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Open Water (2004)
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Review Date: August 03, 2004
Director: Chris Kentis
Writer: Chris Kentis
Producers: Laura Lau
Actors:
Blanchard Ryan as Susan
Daniel Travis as Daniel
Saul Stein as Seth
Plot:
A workaholic team of husband and wife finally take some time to go on vacation, and hitch a ride aboard a boat that is taking folks scuba-diving into the middle of the ocean. Unfortunately for the busy-bee couple, the boat mistakenly leaves them behind, with only water, each other and sharks as company. An extremely unfortunate circumstance turned into a film...ensues. And yes, this is yet another movie that is apparently "based on true events"...yawn.
Critique:
As a wise man named Nice Guy Eddie once said, "first things fuckin' last", so allow me to begin this review with this cautionary notice: don't go into this movie expecting to "jump out of your skin" or anything resembling the over-the-top frightfest that its marketing campaign has been touting, and you might just enjoy a solid movie that doesn't feature as many sharks or scares as you might think, but does offer plenty of claustrophobia, an intriguing premise and build-up, and an ending that definitely got under my skin. More than anything, this is an uncomfortable and queasy flick that felt "small" (shot on digital video, very few characters, low budget, etc...), but also very realistic and eerie because of its restraints. Thankfully, the filmmakers provided just enough back-story about the two leads, to keep me interested in their dire situation, as most of the movie essentially just follows the duo, alone and floating, in the middle of the ocean. And while I was skeptical about how the film would manage to maintain my attention throughout its entire runtime, focusing solely on these two characters, I have to say that I was quite impressed by how engaged I remained throughout the film's short 80-minute presentation, especially as it moved forward. By the end of the movie, I was literally in the water with these two poor souls, as they went through one harrowing moment after the other. I'd love to discuss the ending with you all, but the less you know about it, the better, so you won't hear anything about it from me.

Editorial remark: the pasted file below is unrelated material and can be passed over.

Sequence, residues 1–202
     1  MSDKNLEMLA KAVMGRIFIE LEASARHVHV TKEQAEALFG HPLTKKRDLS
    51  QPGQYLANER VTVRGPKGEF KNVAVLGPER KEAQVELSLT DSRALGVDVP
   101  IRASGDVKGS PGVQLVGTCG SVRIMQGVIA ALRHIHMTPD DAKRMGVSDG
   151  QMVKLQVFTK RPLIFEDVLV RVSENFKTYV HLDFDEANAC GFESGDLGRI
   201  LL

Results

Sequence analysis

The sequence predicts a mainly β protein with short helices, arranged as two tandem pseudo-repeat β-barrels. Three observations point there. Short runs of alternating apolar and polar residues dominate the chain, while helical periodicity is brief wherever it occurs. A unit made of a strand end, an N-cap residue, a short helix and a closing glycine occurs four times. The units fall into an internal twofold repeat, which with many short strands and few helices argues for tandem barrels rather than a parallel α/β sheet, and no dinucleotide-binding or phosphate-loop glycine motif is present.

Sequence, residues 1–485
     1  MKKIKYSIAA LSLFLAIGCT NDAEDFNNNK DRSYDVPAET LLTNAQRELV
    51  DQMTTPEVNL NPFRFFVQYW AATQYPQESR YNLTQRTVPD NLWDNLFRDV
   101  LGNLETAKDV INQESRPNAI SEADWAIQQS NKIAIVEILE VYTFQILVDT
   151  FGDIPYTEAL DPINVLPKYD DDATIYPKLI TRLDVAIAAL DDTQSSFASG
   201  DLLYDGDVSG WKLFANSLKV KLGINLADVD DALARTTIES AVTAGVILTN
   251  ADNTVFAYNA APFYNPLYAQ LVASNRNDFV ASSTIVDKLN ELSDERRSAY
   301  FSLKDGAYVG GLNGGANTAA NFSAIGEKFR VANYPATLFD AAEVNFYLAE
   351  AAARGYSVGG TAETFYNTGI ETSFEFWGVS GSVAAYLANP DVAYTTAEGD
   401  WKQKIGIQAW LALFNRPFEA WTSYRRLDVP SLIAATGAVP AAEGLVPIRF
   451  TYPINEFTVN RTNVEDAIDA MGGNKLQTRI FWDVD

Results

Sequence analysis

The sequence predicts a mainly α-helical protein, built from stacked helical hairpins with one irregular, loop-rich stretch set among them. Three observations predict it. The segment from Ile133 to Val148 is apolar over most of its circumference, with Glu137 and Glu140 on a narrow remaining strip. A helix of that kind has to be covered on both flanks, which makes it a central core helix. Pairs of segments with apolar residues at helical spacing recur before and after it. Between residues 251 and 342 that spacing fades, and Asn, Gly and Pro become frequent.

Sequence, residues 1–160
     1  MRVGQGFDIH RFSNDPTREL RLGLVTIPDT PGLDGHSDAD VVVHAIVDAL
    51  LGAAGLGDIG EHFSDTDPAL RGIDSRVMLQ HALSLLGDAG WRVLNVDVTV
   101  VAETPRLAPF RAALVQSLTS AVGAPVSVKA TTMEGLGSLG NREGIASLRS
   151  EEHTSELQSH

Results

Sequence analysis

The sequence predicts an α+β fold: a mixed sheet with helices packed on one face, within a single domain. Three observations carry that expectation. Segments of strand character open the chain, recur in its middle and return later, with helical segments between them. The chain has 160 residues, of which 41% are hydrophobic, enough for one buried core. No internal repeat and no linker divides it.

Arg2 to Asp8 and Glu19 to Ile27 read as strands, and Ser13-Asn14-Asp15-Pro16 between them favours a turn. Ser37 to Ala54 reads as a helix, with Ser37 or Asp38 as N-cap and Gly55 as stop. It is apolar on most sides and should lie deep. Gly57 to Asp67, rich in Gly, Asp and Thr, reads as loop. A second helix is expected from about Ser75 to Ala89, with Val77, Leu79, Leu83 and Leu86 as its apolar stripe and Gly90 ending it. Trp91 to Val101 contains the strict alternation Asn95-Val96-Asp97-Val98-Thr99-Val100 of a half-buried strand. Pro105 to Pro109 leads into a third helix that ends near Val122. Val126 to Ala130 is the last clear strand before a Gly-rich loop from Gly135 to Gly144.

Suffice it to say that I quite liked the way the film concluded, and found the last sequence particularly poetic. Some bits that I didn't fully appreciate included the sub-par acting that surfaced from time to time, the editing choices which would cut away during some important moments, only to return with them being resolved, and the lack of deeper emotion from the two forgotten scuba-divers. I did like the overall interaction between the two leads though, which felt believable with moments of anger, humor, love and blame all needling their way throughout their dilemma. The sharks were okay, but with all the hype surrounding the film (and its comparisons to JAWS), I really expected a lot more scares and impact from the nutty fish, but wasn't really blown away by them. Granted, a couple of "boo" scares did make their way into the final cut (as did a tit and bush shot...thank you very much), but overall, I was intrigued more by the isolation and unknown future of the castaways, than any of the "chilling" underwater stuff. I was also surprised at how great-looking Blanchard Ryan was in the scenes outside of the water...wow! Another aspect of the film which seemed to work half the time was its score, which was terribly effective and terrifying in some scenes, but odd and out of place in others, with the African chant stuff getting on my nerves. Overall, I can say that this film's smaller stature, its claustrophobic nature, its surprisingly potent cinematography (some beautiful shots in here), its lead relationship and its powerful ending won me over its less successful bits. The film also featured one of my favorite lines of the year so far: "I wanted to go skiing". Nice!
(c) 2016 Berge Garabedian
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